“We’re really looking to the second half of the year being a pretty substantial uptick from what we were projecting the first half of the year to look like,” he said. “Customers are really sticking with us. We see the market from our customers’ perspective returning and coming back to something close to a pre-pandemic level.”
One persistently nettlesome issue for companies has been the skills gap – a phenomenon that began well before the pandemic and describes the difficulty of finding workers with the right qualifications. At one point during the economic expansion there were more than 1 million additional job openings than there were workers to fill them.
Though the ratio of openings to workers has swung in the other direction – about 4 million more jobless workers now than vacancies – the skills gap persists. Minneapolis Federal Reserve President Neel Kashkari earlier this week characterized the notion as “just a bunch of whining” by companies that can’t find workers “at the wages they are used to paying,” but employment specialists say the skills gap is real.
“The notion that CEOs or companies systematically would want to cut their labor costs at the expense of productivity just doesn’t make much sense,” said Michael Hansen, CEO at education technology company Cengage, who blames much of the problem on the education system. “The misalignment of incentives between the system and the labor market is something we are really focusing on.”
One of the issues the system needs to address, Hansen said, is the idea that all students need to go to college. He also said schools are not providing adequate technology needed to adapt in the current workplace.
Like Randstad, Cengage is focusing on re-skilling workers to adapt to the changing face of the jobs market.
“What we have to do is make sure the education system is more digitally enabled,” he said. “We need to move away from the notion that every job will require a college degree. We need to get more flexible.”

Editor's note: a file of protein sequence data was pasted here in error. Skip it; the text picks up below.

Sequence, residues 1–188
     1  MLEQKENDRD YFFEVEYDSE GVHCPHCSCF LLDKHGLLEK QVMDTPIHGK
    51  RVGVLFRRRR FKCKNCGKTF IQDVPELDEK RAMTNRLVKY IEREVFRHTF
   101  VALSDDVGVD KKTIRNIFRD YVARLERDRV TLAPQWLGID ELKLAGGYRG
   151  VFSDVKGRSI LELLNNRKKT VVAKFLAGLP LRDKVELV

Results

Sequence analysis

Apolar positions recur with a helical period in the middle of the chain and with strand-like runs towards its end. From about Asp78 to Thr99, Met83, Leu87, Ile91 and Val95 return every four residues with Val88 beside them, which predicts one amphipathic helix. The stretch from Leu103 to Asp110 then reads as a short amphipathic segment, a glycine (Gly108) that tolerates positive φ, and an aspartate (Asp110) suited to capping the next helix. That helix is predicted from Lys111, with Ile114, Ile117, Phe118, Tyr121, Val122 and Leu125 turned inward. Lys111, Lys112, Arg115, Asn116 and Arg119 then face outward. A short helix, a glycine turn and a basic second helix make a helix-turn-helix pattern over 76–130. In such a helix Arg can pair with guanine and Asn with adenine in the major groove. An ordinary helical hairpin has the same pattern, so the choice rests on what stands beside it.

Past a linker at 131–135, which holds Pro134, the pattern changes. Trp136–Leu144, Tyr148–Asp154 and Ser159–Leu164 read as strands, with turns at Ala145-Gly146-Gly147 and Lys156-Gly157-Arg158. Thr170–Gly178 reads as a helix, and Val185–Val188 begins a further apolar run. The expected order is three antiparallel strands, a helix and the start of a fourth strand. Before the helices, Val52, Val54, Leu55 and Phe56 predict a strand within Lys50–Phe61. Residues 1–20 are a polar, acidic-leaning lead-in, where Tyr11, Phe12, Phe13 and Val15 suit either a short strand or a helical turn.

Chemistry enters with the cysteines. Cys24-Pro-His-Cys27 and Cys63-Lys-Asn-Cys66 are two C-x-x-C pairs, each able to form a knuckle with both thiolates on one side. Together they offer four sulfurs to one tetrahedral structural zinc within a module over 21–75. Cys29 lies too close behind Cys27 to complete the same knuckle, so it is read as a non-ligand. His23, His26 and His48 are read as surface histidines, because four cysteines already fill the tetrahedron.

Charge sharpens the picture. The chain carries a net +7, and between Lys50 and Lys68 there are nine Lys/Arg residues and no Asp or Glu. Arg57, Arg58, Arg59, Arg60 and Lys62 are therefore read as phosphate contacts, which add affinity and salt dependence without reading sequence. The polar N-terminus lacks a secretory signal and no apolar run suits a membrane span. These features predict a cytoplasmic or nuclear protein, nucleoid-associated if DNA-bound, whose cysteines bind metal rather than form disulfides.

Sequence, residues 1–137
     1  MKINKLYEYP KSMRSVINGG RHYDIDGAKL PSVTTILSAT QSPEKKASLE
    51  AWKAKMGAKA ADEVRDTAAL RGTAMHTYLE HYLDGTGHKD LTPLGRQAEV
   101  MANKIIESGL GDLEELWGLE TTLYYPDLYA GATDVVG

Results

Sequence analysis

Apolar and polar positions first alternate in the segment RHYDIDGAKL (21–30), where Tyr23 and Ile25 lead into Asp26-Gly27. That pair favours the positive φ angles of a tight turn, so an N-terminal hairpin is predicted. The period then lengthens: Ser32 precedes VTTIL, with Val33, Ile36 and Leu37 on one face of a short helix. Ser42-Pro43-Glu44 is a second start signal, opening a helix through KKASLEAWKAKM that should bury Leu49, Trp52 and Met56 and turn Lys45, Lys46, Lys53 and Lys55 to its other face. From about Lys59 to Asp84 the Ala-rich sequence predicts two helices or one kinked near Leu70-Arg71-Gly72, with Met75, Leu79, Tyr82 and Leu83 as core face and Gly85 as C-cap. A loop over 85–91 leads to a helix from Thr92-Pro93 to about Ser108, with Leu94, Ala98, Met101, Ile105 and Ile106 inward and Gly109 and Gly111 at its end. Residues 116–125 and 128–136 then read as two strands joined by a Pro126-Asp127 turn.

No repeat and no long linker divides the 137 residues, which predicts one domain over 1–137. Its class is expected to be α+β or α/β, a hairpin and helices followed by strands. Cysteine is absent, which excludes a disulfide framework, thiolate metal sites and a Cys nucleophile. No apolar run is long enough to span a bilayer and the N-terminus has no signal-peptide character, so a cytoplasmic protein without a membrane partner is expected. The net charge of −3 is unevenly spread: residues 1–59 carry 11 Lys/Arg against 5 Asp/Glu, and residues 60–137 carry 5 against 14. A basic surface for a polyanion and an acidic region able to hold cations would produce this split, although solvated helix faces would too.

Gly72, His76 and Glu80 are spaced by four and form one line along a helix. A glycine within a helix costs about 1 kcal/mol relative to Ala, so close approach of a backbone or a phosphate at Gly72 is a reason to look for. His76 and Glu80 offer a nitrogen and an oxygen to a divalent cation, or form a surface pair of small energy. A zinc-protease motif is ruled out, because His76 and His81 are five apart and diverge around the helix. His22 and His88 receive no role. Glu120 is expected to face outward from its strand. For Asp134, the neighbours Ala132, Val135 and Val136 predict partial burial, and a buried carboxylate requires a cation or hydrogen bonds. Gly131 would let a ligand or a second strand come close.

As the private sector looks to adapt, government is reacting by looking to channel more money at the issue.
Biden and congressional Democrats want to spend $1.9 trillion on direct payments to individuals, extended unemployment benefits, aid to cities and states and funding for Covid vaccine programs.
Republicans, looking to avoid more burden on strained national finances, are proposing $618 billion that likely would not meet Biden’s approval as it does not include $1,400 individual payments on which the president said he will not compromise.
The difference between the two plans, though, may not be as much as the price tags indicate.
According to an analysis a few days ago by S&P Global Ratings, the economy returns to pre-pandemic levels by around the second quarter regardless of which plan gets approved. The Democratic plan would provide more juice in the near term, though it lacks supply side proposals like infrastructure spending that tend to have longer-term benefits, said Beth Ann Bovino, S&P’s chief U.S. economist.
“It’s certainly going to matter a lot to the people who need those benefit checks,” Bovino said. “Spending on the stimulus is shorter-framed, meaning that it is largely demand-driven stimulus that is considered temporary. It ends. The bang for the buck ends when the stimulus ends.”
Another part of the Biden plan is increasing the federal minimum wage to $15 an hour, something that in the past has drawn warnings as a job killer.
A Congressional Budget Office report from 2019 stated that taking the base wage up to that point would cost the economy 1.3 million jobs by 2025 and slightly lower aggregate household income. That study has been rebutted from various quarters, with some economists and think tanks saying the impact of raising the minimum wage is overstated.
Policymakers both in Congress and at the Federal Reserve remain committed to keeping the policy juice flowing until the jobs market and the rest of the economy is on a clearer path to recovery.
“The main goal for this is to keep people as whole as possible,” Atlanta Fed President Raphael Bostic told CNBC a few days ago. “We know when you lose that many jobs, there are going to be holes to fill.”